Aqua Hotels & Resorts’ marketing team // © 2011 Aqua Hotels & Resorts
In November 2010, when the media released a recording of a man warning an airport security agent, "Don't touch my junk," Aqua Hotels & Resorts' marketing staff didn't waste a second. They liked how it resonated with the overall traveling public and, within just a few days, they had released their Don't Touch My Package package, providing Aqua's guests with spa treatments to relieve the stress of travel.
That sort of quick turnaround of trends into clever promotions is a hallmark of Aqua's marketing staff, which is lean and flexible enough to make big things happen quickly. The same can be said of Aqua's overall operations. Aqua's portfolio has grown steadily from five renovated Waikiki boutique hotels five years ago to today's list of 16 properties on Oahu, Maui, Kauai, Molokai and Lanai. Most recently, it added the Queen Kapiolani Hotel in Waikiki and the Pagoda Hotel in Honolulu.
"By running things in-house, we're able to turn around a concept on a dime," said Aqua's vice president of sales and marketing Elizabeth Churchill. "As a small privately held, employee-owned company, we don't have to go through layers of red tape."
Churchill's five-person marketing team closely watches what's going on in the news while tracking consumer behavior in order to determine what might ring true with clients.
"I hired people with great creative talent," said Churchill. "We all work together as a tight team to come up with promotions that capture attention while offering the all-important price points. People are savvy about packages these days. They want to make sure the package components are cheaper than if they booked a la carte. At the same time, the name of a package can certainly intrigue people. It's very effective as a public relations tool."
A case in point was Aqua's Nifty to Be Fifty package, successfully timed with Hawaii's 50th anniversary of statehood. It offered rooms for $50 for the first night and best available rates for the next two nights. Aqua's new Everywhere Internet initiative at Park Shore Waikiki provides guests with a personal 4G hot-spot router that provides them with Internet access throughout Oahu for $8.95 per day.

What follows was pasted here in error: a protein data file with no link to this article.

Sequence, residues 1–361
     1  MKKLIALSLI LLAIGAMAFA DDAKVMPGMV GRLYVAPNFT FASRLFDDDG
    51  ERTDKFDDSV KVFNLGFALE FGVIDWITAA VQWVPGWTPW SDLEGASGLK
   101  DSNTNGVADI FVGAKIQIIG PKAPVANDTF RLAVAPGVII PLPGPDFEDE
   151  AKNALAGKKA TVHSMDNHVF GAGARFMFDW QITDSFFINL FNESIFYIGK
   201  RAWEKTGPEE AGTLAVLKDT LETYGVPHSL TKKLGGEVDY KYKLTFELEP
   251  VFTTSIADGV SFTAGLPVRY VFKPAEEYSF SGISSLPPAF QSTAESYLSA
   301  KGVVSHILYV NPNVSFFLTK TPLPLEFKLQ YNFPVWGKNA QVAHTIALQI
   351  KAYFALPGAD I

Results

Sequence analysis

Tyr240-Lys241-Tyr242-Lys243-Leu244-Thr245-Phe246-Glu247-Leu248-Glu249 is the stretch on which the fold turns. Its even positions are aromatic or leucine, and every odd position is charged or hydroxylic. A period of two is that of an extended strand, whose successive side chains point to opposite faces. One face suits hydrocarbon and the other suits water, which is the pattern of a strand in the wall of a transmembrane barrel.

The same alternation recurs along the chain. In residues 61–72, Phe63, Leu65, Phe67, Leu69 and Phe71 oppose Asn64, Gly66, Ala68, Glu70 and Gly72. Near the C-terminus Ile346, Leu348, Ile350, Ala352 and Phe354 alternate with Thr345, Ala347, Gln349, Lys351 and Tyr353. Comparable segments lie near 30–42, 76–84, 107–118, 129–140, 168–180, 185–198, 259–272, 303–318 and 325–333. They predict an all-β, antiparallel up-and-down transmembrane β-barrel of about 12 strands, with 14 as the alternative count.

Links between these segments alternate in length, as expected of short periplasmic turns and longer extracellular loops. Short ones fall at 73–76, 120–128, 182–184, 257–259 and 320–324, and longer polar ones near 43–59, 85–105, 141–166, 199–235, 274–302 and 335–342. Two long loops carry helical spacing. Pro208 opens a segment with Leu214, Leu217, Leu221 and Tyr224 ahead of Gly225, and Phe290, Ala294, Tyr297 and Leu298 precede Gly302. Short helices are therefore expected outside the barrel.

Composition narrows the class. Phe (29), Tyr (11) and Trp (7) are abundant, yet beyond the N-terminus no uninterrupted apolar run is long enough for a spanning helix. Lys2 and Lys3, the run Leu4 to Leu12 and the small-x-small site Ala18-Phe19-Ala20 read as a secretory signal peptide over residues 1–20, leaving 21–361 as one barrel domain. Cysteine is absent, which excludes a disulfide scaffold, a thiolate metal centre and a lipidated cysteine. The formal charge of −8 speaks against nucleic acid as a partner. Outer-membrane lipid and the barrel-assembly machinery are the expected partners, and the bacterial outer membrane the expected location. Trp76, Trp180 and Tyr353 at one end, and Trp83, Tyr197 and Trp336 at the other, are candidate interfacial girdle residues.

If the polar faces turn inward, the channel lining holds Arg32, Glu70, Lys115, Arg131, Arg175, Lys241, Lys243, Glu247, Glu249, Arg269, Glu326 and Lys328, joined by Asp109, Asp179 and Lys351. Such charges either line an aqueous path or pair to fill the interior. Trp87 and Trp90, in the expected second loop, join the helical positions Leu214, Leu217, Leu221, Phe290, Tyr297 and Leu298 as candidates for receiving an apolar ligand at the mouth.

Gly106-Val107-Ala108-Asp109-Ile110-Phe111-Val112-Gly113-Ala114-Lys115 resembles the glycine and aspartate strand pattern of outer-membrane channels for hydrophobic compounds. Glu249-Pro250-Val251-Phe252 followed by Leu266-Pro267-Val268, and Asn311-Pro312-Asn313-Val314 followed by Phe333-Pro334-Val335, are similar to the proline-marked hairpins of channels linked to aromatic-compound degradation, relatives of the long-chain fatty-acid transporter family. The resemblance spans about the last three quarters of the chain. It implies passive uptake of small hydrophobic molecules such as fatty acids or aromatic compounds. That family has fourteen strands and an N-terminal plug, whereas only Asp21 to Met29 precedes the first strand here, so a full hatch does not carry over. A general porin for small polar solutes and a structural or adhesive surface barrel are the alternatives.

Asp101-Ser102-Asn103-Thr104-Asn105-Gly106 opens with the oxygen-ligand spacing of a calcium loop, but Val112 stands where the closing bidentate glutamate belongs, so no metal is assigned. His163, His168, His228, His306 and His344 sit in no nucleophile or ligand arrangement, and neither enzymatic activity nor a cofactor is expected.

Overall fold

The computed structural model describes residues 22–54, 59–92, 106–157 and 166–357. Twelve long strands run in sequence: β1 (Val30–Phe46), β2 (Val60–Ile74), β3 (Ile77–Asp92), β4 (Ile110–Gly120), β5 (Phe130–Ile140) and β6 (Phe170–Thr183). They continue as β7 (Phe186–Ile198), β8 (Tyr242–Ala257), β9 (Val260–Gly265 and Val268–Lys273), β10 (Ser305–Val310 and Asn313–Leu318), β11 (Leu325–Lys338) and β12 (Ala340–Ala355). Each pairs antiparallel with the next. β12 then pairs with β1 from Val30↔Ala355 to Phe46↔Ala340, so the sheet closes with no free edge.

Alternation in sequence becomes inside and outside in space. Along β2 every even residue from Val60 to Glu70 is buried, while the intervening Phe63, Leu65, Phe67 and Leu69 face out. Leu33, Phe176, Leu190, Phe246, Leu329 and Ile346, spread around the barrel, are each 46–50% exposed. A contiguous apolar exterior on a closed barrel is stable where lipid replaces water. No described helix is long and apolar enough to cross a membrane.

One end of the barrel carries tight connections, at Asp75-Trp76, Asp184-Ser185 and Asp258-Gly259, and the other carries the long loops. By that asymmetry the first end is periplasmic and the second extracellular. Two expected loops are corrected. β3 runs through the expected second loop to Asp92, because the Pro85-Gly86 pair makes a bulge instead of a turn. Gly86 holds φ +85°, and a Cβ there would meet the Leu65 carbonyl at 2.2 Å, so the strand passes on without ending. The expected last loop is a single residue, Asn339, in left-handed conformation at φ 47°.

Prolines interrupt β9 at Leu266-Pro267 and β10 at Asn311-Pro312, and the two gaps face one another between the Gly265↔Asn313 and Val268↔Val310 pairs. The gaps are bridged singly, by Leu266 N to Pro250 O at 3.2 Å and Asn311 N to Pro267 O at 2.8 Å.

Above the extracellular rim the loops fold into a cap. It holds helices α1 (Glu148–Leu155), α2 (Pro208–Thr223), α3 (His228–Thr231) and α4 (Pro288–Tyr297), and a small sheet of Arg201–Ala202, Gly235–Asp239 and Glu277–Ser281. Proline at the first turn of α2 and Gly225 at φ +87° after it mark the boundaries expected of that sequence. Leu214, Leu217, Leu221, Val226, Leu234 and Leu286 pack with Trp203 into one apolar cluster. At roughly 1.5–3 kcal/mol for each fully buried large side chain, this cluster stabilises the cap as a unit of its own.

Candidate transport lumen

Aqua's quick and thoughtful approach to marketing is mirrored in its outreach to different types of travelers, said Churchill.
"We are constantly asking ourselves about new markets that we can seek out that will allow us to be a progressive leader," she said.
A good example is the lesbian, gay, bisexual and transgender travel segment. In 2008, Aqua became the first hotel chain to be TAG-certified as a gay-friendly hotel, blazing a trail that many Hawaii hotels have since followed.
Aqua took the creative process a step further as it named the categories of the properties it manages. Its Aqua Lite line appeals to people on a budget looking for clean and comfortable Waikiki accommodations and who book a hotel based primarily on rate. The mid-priced Aqua Boutique hotels attract couples looking for a high level of customer service and value on Oahu. Its Boutique Resort Collection -- consisting of four neighbor island properties -- draws travelers looking for more of a destination resort experience.
The Queen Kapiolani falls into Aqua's Boutique category. The hotel, which is wrapping up a $5 million top-to-bottom renovation, allows Aqua to reach out to business travelers thanks to its meeting space and ballroom.
"For this hotel, we're developing packages that will attract a diversified group of consumers -- families, groups and golfers, to name a few," said Churchill.
The Pagoda Hotel is joining Aqua's Lite line. A longtime favorite with locals and business travelers, its location near the Hawaii Convention Center and Ala Moana shopping center caters to clients looking to stay outside of Waikiki. Both newly added properties feature full-service food-and-beverage operations, a first for Aqua's Oahu addresses.
Agents can expect to hear a lot more from Aqua's savvy marketing team this year. For starters, the company is launching its Beach Boutique concept, which gives guests of its Boutique category hotels free use of beach towels, chairs and sunscreen during their stay. Created in response to client feedback, the initiative aims to make travel as easy as possible for visitors.
"What we're trying to say is that we're not a city boutique hotel like a W or a Kimpton," said Churchill. "We're a relaxed chain, and it's okay if you have sand on your feet in the lobby."